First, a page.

If an organization holds a Pride event, for example, but employees don’t feel like they are receiving the appropriate benefits and insurance packages to meet their needs or there isn’t an employee resource group in place for them, frustrations can rise to the surface, says Sarah Saska, co-founder and CEO of Feminuity.

“They just don’t think the policies or processes or general standards are actually supporting them in real time, day to day. People feel like, ‘Hey, why don’t you take that $200,000 budget you spent on that public event and invest it in us?’”

If, on the surface, an employer appears to be supportive of a particular group of people but, in reality, the intentionality isn’t there, staff will end up leaving, she says.

“Churn and high turnover rates are expensive and damaging to an organization for a lot of reasons, so if you attract someone and they leave six months later and they share their experience with their friends and their community and broader network, that company is no better off either. It seems like a win in the short term but long term it certainly isn’t, either for the company or the prospect alike.”

The upsides of authentic initiatives

On the other hand, when organizations respond to these crises genuinely, with care and concern for employees, and empathy — such as offering flexible work policies or doubling down on DEI practices — these are the organizations that are going “to be better able to weather the disruption and the crisis,” says Von Bommel.

Genuine policies around COVID safety or racial equity lead to better employee experiences in areas such as work-life balance, feeling respected and valued, employee retention and engagement, and feeling included, found the Catalyst survey.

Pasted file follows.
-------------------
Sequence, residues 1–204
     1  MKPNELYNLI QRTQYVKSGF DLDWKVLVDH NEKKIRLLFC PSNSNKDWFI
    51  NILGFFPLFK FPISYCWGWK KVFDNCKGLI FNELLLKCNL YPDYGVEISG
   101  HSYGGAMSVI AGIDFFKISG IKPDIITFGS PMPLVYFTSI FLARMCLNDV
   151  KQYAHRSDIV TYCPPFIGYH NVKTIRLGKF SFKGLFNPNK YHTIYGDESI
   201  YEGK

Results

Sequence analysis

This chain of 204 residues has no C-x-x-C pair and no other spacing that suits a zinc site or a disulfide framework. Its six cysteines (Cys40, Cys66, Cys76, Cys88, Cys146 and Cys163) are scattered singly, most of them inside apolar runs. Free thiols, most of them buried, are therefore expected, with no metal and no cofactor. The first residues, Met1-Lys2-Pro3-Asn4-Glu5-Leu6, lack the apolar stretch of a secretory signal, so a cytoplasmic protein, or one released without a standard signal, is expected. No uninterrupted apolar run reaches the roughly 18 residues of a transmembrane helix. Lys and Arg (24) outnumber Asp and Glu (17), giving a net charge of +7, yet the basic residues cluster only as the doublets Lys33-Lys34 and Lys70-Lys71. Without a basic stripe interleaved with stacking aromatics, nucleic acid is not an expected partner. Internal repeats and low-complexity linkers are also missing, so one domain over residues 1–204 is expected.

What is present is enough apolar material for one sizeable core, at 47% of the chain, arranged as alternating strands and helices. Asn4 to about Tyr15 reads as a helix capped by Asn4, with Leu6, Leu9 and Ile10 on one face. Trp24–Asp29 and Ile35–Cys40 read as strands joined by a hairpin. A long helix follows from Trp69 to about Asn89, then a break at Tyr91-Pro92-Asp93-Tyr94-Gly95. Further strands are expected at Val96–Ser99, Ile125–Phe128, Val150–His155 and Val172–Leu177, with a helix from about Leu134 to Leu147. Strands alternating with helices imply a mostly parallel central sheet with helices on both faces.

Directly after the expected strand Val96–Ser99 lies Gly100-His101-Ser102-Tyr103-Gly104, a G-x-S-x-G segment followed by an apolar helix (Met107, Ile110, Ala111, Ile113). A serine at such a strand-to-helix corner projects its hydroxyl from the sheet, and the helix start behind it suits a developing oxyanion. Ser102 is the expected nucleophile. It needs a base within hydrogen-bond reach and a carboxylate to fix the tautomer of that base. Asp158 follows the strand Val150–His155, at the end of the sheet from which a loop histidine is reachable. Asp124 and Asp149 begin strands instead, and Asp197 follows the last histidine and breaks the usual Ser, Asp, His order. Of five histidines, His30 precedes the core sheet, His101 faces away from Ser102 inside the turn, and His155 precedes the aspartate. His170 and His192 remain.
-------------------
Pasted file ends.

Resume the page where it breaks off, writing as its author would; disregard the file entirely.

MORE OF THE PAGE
“That really is one of the big key takeaways from our report is that these genuine responses, they have benefits for individual employees, but also they have strong organizational benefits as well,” she says.

An employer’s efforts around social issues need to be reflective of what’s happening internally, says Saska.

“If you’re doing a lot and you’ve being intentional and you have some really thoughtful policies and processes and programs in place, of course, scream it from the rooftop, share that broadly because absolutely you want to attract more people… and sharing that through moments of celebration, that’s awesome.”

Eighty per cent of U.S. employees believe addressing racial injustice and equity is a central responsibility of a CEO and management.

Should an employer always speak up?

Understandably, some employers may find this whole area challenging as it can involve uncomfortable conversations and they don’t want to say the wrong thing, says Von Bommel.

But it’s about listening to employees and learning.

“They will tell you so much, they will give you so much information, and when you do that, then engagement goes up and innovation goes up, and people are more committed to the organization,” she says.

And employers are running out of reasons not to respond.

“There really is no excuse for not learning from your colleagues, from the best practices and other organizations — there's so many resources out there that… there's just really no excuse for not taking action,” says Von Bommel.

No one expects employers to fix a problem overnight, but it’s about making efforts that employees perceive as genuine, she says.